A few months ago, we wrote that it looked like much needed patent reform had stalled out
in Congress, despite expectations that it would fly through
Congress easily this year, having the strong support of both the majority party in Congress and the President. And this year, unlike last year, the trial lawyer lobby wouldn't be able to intervene
. Of course, the one big obstacle -- as with every time patent reform is proposed -- would be the pharmaceutical industry. But even that seemed like it shouldn't be a huge problem because nearly all of the (relatively mild and fairly weak) reforms proposed really targeted trollish
behavior, using overly broad patents to shake down innovative companies. Whether or not you approve of the way drug companies use patents, the trolling issue is a bit outside of that industry's concern, and thus it was believed that while pharmaceutical companies might whine a little bit, they wouldn't really stand in the way.
Except... something changed. As Julie Samuels explains in a blog post detailing the state of patent reform as it stands today
, a Wall Street hedge fund guy got the pharma industry all riled up, by making use of a provision in the previous
patent reform law to play some silly Wall Street game:
Enter Kyle Bass. The well-known hedge fund manager’s most recent enterprise involves using the IPR process to challenge weak pharmaceutical patents and then short the stock of the company that owns the patent. The pharmaceutical industry, which relies heavily on patent rights, is far from pleased. And despite the fact that the IPR process contains significant protections for patent holders and the fact that Mr. Bass’ actions can already be addressed by the SEC, the pharmaceutical industry has been able to shoehorn its issue into the larger reform efforts.
Let's unpack that a little. The "IPR" process stands for "inter partes review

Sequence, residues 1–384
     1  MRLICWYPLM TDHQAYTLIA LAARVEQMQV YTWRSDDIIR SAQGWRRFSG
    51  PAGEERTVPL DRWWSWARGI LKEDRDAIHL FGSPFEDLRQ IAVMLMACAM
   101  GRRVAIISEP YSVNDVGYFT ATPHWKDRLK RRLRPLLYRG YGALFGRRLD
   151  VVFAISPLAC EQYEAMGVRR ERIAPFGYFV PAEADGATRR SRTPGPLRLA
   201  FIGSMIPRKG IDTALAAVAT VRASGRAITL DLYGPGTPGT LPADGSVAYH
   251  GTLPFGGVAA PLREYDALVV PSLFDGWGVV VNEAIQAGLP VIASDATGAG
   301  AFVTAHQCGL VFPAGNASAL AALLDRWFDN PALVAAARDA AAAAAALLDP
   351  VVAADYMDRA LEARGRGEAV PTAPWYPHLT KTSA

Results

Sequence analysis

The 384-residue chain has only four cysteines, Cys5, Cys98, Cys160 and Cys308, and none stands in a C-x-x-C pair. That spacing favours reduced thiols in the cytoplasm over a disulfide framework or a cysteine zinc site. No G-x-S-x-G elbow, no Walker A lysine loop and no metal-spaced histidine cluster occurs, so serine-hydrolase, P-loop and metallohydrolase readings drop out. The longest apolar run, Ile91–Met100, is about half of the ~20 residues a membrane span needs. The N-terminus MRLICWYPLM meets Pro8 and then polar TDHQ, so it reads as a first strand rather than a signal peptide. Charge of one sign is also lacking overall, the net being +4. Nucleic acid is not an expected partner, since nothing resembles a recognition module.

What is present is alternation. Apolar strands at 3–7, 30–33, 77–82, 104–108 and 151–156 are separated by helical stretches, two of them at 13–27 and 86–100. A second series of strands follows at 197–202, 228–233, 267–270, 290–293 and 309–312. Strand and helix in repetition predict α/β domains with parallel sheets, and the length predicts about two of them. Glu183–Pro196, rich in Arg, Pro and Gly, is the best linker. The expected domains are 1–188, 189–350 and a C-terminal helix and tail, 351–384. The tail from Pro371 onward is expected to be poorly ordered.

" and it's a process by which anyone
can try to challenge a bad patent, by presenting specific evidence that it shouldn't have been granted because of prior art. This process is somewhat useful in helping to get the Patent Office to toss out some bad patent claims that it never should have approved in the first place. It's a fairly limited process too. You can file for an IPR, but the Patent Trial and Appeal Board (PTAB) will only take up the effort if it decides "there is a reasonable likelihood" that it will invalidate the claims based on the submitted material. In other words, it's a pretty high bar to cross, and anyone filing frivolous IPR claims won't get very far at all.
Now, back to Kyle Bass. He's been making news in the last few months by filing for an IPR
against pharma patents, while simultaneously shorting the stock of the pharmaceutical firms that hold the patents. He's set up an entire organization to do this, called the Coalition for Affordable Drugs.
Kyle Bass, head of Hayman Capital Management LP—which made a fortune wagering on the housing bust—is targeting patents that he says have little value other than to drive up prescription drug prices. His new fund bets against companies whose patents it believes are spurious, and invests in those that would profit if the patents are invalidated, said people familiar with the matter.
His latest challenge seeks to employ a relatively new and inexpensive petition process to invalidate a Jazz Pharmaceuticals PLC patent for Xyrem, a narcolepsy drug with sales of $779 million last year, two-thirds of Jazz’s 2014 revenues.